Paternal vs. maternal inheritance
Maternal serum calcium, which is actively transported through the placenta in the third trimester to maintain a maternal-fetal gradient, impacts fetal calcium metabolism. An infant with a maternally inherited mutated allele will have a more benign clinical picture than an infant with a paternally inherited mutated allele because the resulting mild maternal hypercalcemia helps to activate the mutated fetal CaSR  and inhibit expression PTH secretion. Conversely, in an infant with a paternally inherited mutated allele, the normocalcemic maternal environment can lead to intrauterine fetal hyperparathyroidism as higher calcium levels would be required to satisfy the mutated fetal CaSR, suppress PTH gene expression, and prevent hyperplasia in the fetal parathyroid glands. In our case, the missense mutation of the infant was not found in the mother. Therefore, presumed paternal inheritance or a de novo mutation may have contributed to the unusually severe presentation.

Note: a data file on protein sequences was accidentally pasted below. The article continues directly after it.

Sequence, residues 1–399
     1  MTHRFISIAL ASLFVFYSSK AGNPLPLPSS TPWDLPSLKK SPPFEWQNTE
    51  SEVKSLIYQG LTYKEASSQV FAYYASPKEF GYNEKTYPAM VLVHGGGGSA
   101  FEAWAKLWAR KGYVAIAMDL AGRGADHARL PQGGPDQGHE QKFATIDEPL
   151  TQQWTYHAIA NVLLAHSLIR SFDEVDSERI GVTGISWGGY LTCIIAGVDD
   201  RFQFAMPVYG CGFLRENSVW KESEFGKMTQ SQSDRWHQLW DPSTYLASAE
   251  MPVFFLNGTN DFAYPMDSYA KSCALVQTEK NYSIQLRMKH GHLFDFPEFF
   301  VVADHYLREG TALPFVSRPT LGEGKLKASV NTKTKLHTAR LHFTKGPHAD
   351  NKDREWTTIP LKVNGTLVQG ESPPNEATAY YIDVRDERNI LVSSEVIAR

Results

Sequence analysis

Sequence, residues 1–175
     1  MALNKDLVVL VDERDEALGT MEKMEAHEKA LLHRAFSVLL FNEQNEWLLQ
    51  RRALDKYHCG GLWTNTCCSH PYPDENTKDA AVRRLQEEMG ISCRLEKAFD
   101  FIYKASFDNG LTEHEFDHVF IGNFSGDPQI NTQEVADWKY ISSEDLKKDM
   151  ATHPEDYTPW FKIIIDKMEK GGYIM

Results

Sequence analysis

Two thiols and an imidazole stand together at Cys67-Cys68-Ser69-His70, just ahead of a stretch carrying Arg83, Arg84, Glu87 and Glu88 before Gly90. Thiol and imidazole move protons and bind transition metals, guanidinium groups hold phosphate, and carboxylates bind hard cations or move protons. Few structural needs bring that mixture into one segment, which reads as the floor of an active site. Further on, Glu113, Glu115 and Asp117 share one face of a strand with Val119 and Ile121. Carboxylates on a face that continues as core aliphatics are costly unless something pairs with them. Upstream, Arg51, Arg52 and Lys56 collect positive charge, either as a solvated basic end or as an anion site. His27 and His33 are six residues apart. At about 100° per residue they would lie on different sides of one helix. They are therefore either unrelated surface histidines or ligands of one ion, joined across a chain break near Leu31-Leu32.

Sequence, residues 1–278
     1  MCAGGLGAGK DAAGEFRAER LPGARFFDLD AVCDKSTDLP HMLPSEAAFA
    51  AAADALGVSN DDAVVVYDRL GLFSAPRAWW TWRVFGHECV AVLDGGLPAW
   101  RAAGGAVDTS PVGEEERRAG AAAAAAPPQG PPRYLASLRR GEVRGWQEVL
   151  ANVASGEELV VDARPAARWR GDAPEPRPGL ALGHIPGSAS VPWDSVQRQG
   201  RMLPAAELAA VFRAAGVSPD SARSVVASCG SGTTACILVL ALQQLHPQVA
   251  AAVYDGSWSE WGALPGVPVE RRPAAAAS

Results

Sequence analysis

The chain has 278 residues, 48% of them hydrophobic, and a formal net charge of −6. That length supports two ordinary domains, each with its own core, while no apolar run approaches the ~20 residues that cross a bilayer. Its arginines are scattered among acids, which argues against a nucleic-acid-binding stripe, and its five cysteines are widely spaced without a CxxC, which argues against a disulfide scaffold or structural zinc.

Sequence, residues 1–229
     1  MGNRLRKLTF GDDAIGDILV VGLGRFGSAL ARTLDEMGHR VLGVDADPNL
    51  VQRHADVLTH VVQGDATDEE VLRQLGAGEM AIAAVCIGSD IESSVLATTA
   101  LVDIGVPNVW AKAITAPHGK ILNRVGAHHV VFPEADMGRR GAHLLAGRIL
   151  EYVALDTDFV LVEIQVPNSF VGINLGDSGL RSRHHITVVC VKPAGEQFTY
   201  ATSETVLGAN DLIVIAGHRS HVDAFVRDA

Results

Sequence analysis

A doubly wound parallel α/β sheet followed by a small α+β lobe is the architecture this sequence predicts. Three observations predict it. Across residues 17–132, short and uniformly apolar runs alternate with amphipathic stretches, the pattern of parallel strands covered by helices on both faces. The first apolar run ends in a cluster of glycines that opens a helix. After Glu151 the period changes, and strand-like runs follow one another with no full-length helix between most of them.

Prematurity can modify the expected phenotype of neonatal hyperparathyroidism (NHPT) to one more similar to NSHPT. Such a case has been reported previously of an infant born at 27 weeks gestation with moderate hypercalcemia and severe bone disease who was found to have an inactivating mutation (R220W) of CaSR. The infant received serial pamidronate infusions and two parathyroidectomies in an attempt to control the hypercalcemia, but ultimately succumbed to respiratory disease . Because the fetal skeleton depends heavily on maternal calcium and phosphorus transfer during the third trimester, prematurity predisposes an infant to deficient bone mineral accrual. An inactivated CaSR in this setting could lead to further demineralization of an already weakened skeleton and potentially lead to more severe skeletal findings. In addition, the CaSR is expressed in the placenta. Mice studies of inactivating CaSR mutations have found decreased transfer of calcium to the fetus. Theoretically, this could lead to an additional stimulus for fetal PTH secretion.